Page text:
Debris from Mount St. Helens in South Fork of Toutle River. Geologist in background for scale. Cowlitz County, Washington. May 20, 1980. Image and caption courtesy USGS.

This looks like a total 80s glamour pose thing. It's actually srs scientific bizness.

Image shows two geologists manning a geodimeter station. There is a line of conifers in the background. The geologist on the right, a dark-haired man with a beard, wearing a dark gray work shirt and khaki trousers with hiking boots, is sitting on a bench with his legs crossed, holding a folder with a page blowing over his hand. His hair is being tossed by the breeze. He is looking at the camera and smiling, looking very fly with his aviator sunglasses. The geologist next to him is wearing a blue workshirt and blue jeans, with a leather pouch hanging from his waist. He is standing in a very dramatic pose behind a piece of equipment mounted on a tripod which basically looks like a metal box with a flap lifted from the front. The man has a clean-shaven, jutting chin and looks almost like a blue-collar superhero. The whole scene gives off an almost Zoolander vibe.

U.S. Geological Survey personnel using geodimeter to measure deformation of north flank of Mount St. Helens. Skamania County, Washington. May 4, 1980. Image and caption courtesy USGS.

Duuuuude this is some seriously large pumice.

Image shows a couple of geologists investigating the pumice plain. The one in the foreground is standing with his arms held out parallel to the ground, holding two huge chunks of pumice in either hand. He is wearing blue jeans and a plaid shirt with a denim shirt tied at the waist over it. The man behind him is dressed all in dark colors and is bent over putting a temperature probe into the deposits.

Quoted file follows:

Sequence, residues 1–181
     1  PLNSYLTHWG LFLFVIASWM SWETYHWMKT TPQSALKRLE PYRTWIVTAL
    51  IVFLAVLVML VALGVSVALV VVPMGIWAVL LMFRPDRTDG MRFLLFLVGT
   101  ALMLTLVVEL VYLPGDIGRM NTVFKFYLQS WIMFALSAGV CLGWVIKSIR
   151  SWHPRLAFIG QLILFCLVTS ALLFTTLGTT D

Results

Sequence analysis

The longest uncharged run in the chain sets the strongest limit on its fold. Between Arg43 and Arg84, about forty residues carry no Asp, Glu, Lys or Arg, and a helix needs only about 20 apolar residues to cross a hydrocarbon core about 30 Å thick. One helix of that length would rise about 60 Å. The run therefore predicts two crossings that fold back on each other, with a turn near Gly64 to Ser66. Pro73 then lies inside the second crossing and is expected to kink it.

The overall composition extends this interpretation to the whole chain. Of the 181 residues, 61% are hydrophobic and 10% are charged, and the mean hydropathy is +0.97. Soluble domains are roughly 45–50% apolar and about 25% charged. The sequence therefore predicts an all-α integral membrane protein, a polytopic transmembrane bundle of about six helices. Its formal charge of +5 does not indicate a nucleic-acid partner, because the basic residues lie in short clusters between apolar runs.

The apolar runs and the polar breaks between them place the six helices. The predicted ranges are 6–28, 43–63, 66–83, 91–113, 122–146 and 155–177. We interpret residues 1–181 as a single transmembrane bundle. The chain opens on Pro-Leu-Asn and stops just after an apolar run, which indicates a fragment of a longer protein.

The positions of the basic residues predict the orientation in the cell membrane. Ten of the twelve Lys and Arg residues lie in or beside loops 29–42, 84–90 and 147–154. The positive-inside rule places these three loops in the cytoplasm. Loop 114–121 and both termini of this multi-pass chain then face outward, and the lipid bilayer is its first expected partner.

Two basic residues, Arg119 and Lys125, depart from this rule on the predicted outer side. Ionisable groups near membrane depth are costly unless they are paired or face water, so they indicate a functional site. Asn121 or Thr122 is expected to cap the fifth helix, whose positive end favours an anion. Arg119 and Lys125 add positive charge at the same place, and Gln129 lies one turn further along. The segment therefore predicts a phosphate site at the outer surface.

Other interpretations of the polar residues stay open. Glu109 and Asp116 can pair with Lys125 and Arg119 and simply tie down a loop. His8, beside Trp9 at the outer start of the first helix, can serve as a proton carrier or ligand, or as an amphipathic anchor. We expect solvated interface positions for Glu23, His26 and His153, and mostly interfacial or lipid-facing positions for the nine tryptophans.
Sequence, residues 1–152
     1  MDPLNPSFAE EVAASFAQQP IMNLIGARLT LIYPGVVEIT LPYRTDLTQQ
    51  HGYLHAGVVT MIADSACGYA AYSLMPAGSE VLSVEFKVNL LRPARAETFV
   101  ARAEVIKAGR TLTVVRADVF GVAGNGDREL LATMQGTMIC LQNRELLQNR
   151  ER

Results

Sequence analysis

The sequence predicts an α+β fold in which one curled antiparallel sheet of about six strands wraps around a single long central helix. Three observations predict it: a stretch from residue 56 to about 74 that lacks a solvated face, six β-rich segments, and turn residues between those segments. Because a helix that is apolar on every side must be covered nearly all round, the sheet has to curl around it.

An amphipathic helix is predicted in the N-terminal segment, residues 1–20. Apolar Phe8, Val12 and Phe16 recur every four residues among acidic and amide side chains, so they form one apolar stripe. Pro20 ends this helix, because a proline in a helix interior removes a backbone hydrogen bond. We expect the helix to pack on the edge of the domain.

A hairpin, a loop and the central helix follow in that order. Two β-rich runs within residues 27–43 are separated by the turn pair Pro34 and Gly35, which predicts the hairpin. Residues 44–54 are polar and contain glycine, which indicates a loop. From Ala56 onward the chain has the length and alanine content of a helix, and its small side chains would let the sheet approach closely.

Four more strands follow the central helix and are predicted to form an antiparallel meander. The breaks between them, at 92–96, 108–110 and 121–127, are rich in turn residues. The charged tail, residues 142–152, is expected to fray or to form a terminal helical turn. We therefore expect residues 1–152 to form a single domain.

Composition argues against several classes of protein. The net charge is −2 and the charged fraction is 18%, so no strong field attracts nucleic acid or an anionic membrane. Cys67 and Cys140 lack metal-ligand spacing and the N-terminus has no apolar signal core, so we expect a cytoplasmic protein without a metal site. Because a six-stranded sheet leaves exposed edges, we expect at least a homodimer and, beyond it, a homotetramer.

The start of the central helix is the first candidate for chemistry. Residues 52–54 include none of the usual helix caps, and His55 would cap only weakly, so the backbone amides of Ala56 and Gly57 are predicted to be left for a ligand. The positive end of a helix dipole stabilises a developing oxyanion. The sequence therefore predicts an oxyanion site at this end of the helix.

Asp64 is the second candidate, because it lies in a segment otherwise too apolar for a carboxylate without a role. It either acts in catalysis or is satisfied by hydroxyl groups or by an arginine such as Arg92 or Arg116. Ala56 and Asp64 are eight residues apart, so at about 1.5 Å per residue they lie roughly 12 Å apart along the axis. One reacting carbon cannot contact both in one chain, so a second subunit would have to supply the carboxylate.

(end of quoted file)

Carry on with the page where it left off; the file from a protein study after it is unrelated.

Pumice from Mount St. Helens. Skamania County, Washington. May 21, 1980. Image and caption courtesy USGS.

Soooo in case you ever wondered what it looks like when a volcano falls down and takes its glaciers with it, it's this:

Image shows an enormous dome of ice half-buried in debris avalanche deposits. It's cracked and dusted with gray ash. Beyond it, a ridge shorn of trees rises, a logging road winding along it.

Large block of ice in the debris-avalanche deposit from Mount St. Helens. Skamania County, Washington. May 22, 1980. Image and caption courtesy USGS.

Love this photo of several geologists on a Mount St. Helens ash flow (well, the photo description says ash, but that looks rather like pumice to me). Can you imagine having a job like this?

Image shows four geologists gathered on a jumbled pile of pumice. Two of them on the left are talking to each other. One on the right is watching those two, while the fourth man is leaning down to grab a bit of pumice. In the background, Mount St. Helens sits in clouds of steam.

Geologists on Mount St. Helens May 25 ash flow. Skamania County, Washington. May 30, 1980. Image and caption courtesy USGS.

I hope you've enjoyed our first edition. Stay tuned for many more! And if you can't wait, follow me on Facebook, where I've been posting them as I go along.